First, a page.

Presacral neurectomy—the resection of the hypogastric nervous plexus that innervates the uterus—is a safe and effective alternative for these women.
It can be done alone or concomitantly with any surgical treatment of coexisting endometriosis or other pelvic pathology.
Presacral neurectomy is not a simple procedure, however, and should not be attempted without appropriate training and preparation, or without careful patient selection.
The procedure does not alleviate adnexal pain or pelvic pain that is more lateral, and is indicated when medical management has failed.
Nonetheless, when patients are carefully selected, and when the procedure is performed by a skilled surgeon who follows the principles and technique described more than 80 years ago by Dr. M.G. Cotte, it can be effectively carried out with good long-term outcomes for the majority of patients who have disabling midline dysmenorrhea and deep central, chronic pelvic pain.
More and more, the procedure is being done laparoscopically with a lower rate of postoperative morbidity. Indeed, advances in minimally invasive surgery have renewed interest in the procedure after a period starting in the 1960s in which the introduction of nonsteroidal anti-inflammatory drugs and various regimens of hormonal suppression caused interest to wane.
Moreover, despite the fact that the data on presacral neurectomy historically have covered women with dysmenorrhea, nonetheless within modern medicine dyspareunia has become an additional indication for the procedure.
Dr. M. Jaboulay first described the severance of sacral sympathetic afferent fibers for serious dysmenorrhea (using a posterior extraperitoneal approach) in 1899, and a variety of other procedures for nerve interruption subsequently evolved.
It took until 1937, however, for a description of presacral neurectomy to emerge.
Dr. M.G. Cotte is credited with performing the first presacral neurectomy in 1924, and 13 years later he reported 98% success after transection of the superior hypogastric plexus in 1,500 patients.
Dr. Cotte emphasized that the only nerve tissue that should be resected is that within what he called the interiliac triangle (now known as the “Triangle of Cotte”), and that resection of all nerve elements in the triangle is essential in order to maximize effectiveness and minimize complications.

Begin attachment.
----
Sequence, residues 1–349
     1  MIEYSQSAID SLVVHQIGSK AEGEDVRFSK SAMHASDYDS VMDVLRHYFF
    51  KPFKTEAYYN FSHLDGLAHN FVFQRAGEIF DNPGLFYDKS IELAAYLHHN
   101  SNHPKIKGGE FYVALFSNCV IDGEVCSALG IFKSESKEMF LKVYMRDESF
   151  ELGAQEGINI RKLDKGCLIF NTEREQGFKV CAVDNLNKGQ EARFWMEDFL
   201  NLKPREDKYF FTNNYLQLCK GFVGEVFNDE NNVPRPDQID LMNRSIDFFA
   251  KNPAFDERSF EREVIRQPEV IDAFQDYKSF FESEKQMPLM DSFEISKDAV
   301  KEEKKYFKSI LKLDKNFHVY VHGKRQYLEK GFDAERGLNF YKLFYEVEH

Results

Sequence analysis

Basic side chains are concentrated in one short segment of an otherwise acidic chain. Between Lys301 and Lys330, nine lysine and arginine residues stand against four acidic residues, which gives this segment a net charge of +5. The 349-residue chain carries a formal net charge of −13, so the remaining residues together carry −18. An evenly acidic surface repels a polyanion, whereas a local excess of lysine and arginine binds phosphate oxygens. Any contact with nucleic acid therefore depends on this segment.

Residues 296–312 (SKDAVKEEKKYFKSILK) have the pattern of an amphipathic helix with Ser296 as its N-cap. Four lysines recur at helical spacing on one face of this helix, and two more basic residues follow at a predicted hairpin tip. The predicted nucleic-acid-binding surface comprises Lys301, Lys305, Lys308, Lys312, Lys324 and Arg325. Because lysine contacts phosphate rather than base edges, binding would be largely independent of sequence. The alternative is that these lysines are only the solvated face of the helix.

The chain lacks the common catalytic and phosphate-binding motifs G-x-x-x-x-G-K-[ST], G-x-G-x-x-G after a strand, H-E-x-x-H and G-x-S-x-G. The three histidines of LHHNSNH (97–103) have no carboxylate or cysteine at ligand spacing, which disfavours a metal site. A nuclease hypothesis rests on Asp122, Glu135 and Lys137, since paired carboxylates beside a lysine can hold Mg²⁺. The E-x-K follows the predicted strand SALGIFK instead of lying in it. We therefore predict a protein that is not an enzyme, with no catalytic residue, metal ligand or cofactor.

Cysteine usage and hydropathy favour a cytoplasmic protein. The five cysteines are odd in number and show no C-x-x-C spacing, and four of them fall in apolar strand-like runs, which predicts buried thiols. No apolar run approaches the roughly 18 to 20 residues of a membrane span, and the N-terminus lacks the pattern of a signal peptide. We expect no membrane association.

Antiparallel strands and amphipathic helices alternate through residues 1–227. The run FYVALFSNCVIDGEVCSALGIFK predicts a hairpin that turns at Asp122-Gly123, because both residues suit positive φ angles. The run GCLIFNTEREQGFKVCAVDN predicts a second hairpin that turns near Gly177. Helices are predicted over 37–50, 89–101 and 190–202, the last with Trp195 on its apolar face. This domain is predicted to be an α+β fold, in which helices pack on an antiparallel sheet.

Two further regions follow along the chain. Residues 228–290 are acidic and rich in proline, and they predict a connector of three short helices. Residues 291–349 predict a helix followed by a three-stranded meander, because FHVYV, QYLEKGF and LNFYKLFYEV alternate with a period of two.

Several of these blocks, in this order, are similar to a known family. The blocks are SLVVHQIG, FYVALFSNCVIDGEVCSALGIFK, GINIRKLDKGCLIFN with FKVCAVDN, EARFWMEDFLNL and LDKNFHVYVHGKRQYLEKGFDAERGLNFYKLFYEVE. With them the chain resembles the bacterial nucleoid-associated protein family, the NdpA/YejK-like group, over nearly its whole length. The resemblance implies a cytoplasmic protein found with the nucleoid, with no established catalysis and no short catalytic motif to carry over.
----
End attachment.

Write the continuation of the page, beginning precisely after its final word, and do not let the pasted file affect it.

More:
This triangle is extremely important. Unfortunately, because of the perilous location of the sensitive plexus, there have been modifications made in the procedure throughout the years.
Results have thus been variable, and some groups have reported recurrence rates of pelvic pain after presacral neurectomy that are significantly higher than the rates achieved by Cotte and the rates that we—and others—are now achieving.
It is difficult to analyze these results and ascertain exactly what the problems were and why the procedures failed.
However, because those surgeons who follow Cotte's principles and technique are indeed achieving good long-term results, I suspect that patient selection in the other studies wasn't optimal, or that the procedure was performed in a manner different from that originally described by Cotte.
The presacral nerve is actually almost always a plexus of nerves known as the superior hypogastric plexus. It is a direct extension of the aortic plexus below the aortic bifurcation.
The plexus spreads out behind the peritoneum in the loose areolar tissue lying over the fourth and fifth lumbar vertebrae.
Between the vertebrae and the presacral nerve lies the middle sacral artery. On the right of the presacral nerve lie the right ureter and the common iliac vein and artery. On the left lie the sigmoid colon, inferior mesenteric vessels, left iliac vessels, and the left ureter.
Within the Triangle of Cotte, then, the common iliac artery and ureter are on the right, and the common iliac vein is on the left. The inferior mesenteric, superior hemorrhoidal, and midsacral arteries are in the center of the prelumbar space.
The triangle is defined caudally by the sacral promontory and laterally by the common iliac arteries. The superior edge of the triangle is delineated by the aortic bifurcation.
Centrally and to the left, the multiple nerve fibers representing the presacral nerve—sometimes in bundles—run caudally from the aortic plexus above and through the interiliac triangle to form the superior hypogastric plexus. These fibers are buried in loose areolar tissue. They display no particular patterns and vary among individuals.
In fact, surgeons must be prepared to encounter variable anatomical findings, in addition to being prepared for potential bleeding problems that can result from the sensitive proximity to the aortic bifurcation, vena cava, and iliac vessels.
In our Cotte-based procedure, an operating laparoscope is inserted through a 10-mm cannula placed through an umbilical incision.